Lack of power, that was our dilemma. We had to find a power by which we could live, and it had to be a Power greater than ourselves. Obviously. But where and how were we to find this Power?
Well, that’s exactly what this book is about. Its main object is to enable you to find a Power greater than yourself which will solve your problem. That means we have written a book which we believe to be spiritual as well as moral. And it means, of course, that we are going to talk about God. Here difficulty arises with agnostics. Many times we talk to a new man and watch his hope rise as we discuss his alcoholic problems and explain our fellowship. But his face falls when we speak of spiritual matters, especially when we mention God, for we have re-opened a subject which our man thought he had neatly evaded or entirely ignored.
“Came to believe that a Power greater than ourselves could restore us to sanity.”
The big book has two very interesting sentences, and they’re two of the key sentences in the Big Book. First of all, they don’t say that a Higher Power will be a sort of helper or useful assistant. They don’t say this Power will help you solve your problem or enable you to solve it.
They say that this Power will solve your problem. Furthermore, these two sentences say outright that the main purpose of the Big Book is to enable you to find this Power. From here through page 164, the Big Book doesn’t talk a great deal about alcohol anymore. Instead, it focuses on how to find the Power that will solve your problem.
The simple procedure for finding that Power begins on line 14 of page 47. You begin by asking yourself a question: Do you Believe, or are you willing to believe, in a Higher Power?
Let’s look at this question carefully. It is based on the concept of belief. Believing is the beginning of anything we accomplish in our life. Belief comes before purposeful action and is the seed of those actions. If we don’t believe something is possible, we usually won’t bother to try it. Believing comes first.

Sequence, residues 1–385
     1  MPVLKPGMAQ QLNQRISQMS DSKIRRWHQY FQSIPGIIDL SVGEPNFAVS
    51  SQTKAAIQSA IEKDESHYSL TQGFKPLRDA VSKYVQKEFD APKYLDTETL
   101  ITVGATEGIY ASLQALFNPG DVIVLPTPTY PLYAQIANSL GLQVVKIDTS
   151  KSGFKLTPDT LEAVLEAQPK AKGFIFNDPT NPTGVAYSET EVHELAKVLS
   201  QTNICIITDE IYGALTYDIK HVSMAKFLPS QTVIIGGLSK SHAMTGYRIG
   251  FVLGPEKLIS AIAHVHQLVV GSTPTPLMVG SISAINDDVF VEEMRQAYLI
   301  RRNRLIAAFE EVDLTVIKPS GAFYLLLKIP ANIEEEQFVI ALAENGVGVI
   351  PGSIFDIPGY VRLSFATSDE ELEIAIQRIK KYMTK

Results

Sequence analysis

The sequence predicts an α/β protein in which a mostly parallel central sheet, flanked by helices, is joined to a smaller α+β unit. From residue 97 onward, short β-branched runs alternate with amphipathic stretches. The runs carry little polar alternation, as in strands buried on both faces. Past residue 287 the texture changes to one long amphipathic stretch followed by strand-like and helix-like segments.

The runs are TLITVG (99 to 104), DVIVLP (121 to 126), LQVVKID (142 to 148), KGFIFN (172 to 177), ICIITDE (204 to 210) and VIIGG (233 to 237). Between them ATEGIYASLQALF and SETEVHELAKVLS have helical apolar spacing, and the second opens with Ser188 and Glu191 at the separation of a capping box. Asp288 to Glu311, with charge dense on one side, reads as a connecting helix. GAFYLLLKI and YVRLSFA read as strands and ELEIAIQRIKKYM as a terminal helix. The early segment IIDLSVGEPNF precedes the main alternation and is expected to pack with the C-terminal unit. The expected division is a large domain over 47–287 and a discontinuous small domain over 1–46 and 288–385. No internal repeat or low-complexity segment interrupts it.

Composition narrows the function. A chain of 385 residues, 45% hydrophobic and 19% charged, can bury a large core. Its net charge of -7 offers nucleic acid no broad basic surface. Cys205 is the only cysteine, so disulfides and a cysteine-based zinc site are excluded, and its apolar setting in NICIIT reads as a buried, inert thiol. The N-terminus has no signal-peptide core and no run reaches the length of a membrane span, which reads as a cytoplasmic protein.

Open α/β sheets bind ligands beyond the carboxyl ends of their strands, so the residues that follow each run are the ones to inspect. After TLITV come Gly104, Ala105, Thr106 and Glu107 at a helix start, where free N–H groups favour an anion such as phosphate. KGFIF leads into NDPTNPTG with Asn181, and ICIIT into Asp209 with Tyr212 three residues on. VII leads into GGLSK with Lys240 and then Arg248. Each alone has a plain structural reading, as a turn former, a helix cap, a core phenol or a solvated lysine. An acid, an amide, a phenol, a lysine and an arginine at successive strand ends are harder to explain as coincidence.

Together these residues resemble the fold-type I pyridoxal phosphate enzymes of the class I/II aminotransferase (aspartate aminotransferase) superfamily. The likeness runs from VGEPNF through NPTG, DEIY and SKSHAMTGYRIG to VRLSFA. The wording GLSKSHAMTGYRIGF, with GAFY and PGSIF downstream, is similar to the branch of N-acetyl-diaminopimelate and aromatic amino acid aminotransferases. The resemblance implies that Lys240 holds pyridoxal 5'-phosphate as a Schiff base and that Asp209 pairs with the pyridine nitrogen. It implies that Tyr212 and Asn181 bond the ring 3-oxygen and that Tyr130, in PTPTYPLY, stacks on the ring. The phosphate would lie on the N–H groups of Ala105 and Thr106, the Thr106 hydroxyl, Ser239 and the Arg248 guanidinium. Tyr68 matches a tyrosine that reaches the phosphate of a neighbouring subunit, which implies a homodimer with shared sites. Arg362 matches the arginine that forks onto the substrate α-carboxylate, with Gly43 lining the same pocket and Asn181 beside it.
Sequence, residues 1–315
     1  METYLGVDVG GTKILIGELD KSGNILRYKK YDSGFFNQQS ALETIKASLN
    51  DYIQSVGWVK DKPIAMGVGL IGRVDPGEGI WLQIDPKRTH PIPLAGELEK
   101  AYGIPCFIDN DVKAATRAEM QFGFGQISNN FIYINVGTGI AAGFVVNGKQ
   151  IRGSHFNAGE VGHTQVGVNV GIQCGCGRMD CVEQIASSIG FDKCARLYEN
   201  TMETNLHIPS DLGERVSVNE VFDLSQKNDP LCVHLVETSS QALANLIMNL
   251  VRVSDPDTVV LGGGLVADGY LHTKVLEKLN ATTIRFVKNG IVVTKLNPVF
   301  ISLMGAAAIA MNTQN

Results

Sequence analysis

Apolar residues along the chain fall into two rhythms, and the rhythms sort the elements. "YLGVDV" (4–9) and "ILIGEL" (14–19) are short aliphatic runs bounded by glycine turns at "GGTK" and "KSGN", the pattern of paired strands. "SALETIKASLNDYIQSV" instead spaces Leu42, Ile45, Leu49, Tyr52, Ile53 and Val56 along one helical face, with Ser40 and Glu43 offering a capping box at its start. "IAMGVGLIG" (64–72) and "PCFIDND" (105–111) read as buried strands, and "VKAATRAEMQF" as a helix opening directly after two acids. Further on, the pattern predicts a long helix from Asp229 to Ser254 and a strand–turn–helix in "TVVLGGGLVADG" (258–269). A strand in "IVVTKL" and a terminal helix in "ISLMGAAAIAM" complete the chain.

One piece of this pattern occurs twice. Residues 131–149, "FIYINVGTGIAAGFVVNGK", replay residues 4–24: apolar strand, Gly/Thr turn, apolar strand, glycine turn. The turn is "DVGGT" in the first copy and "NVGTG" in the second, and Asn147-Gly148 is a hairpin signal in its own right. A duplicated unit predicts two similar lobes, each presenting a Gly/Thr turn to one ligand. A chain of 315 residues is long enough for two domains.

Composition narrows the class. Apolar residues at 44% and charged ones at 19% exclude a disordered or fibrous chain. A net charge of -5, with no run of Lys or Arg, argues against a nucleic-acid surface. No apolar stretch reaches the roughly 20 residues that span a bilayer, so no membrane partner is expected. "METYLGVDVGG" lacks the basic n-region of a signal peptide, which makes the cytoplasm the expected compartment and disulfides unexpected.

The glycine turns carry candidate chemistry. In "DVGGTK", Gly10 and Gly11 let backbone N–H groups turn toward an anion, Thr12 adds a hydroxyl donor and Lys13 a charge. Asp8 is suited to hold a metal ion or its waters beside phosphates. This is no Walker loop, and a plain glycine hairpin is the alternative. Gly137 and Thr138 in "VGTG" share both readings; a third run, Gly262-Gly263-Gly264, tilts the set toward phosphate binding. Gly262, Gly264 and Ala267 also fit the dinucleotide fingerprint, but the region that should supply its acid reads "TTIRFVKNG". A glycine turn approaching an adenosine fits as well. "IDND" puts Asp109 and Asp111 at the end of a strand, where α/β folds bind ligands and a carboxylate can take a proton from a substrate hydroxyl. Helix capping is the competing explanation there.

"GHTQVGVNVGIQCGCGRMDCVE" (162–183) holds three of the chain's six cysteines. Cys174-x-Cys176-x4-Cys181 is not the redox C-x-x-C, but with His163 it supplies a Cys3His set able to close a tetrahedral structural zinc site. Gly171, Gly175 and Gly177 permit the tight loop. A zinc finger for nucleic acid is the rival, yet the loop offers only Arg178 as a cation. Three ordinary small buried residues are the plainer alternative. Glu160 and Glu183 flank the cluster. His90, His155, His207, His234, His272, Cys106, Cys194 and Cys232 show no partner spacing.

If you want to change, you have to first believe that you can change. That’s what Step Two is about. In Step One you admit that you have to make a change; in Step Two you believe that such a change is possible. If you don’t believe you can change, you won’t.
Many people confuse belief with faith. But faith and belief are very different. Belief comes before an action or decision; faith only comes afterward, as the result of an action or decision.
Suppose you’ve just moved to a new town where you don’t know anyone. One day your car starts to give you trouble, so you decide you’d better get it fixed. You knock on your neighbor’s door, introduce yourself, and ask her, “Do you know of a good mechanic in town?” She recommends a fellow named Mel, and tells you, “Mel does good work. I’ve been taking my car to him for years.” So you decide to take your car to Mel.
Now you’ve never met Mel, and you’ve only known the person who recommended him for about five minutes. But you decide to take your car to Mel because you believe that your neighbor is telling the truth and that she has reasonably good judgment when it comes to car mechanics. For the moment, at least, you also believe that Mel probably does do good work. You don’t have any faith in Mel yet, only belief. But this belief is enough for you to make a decision and take action.
Let’s say that Mel works on your car, fixes it correctly and promptly, and charges a fair price. You are pleased with his work, so you have another problem with your car a year or so later, you take it back to him for repair. This time, though, you’re going back to Mel on faith, not just on belief. You have faith that he can fix your car well, based on your actual experience.
We think a lot of people get into trouble with Step Two because they confuse belief and faith. They want or expect to have faith before they can start. But you can’t get faith before you start. You can only start with belief. Faith has to come later. First you believe; then you make decisions and take actions, if your decisions and actions work, you can begin to develop faith – then and only then. Belief is the cause of your actions; faith is their result. ( Taken from the book ” A Program for you.”)
“Faithless is he that says farewell when the road darkens.”
― J.R.R. Tolkien,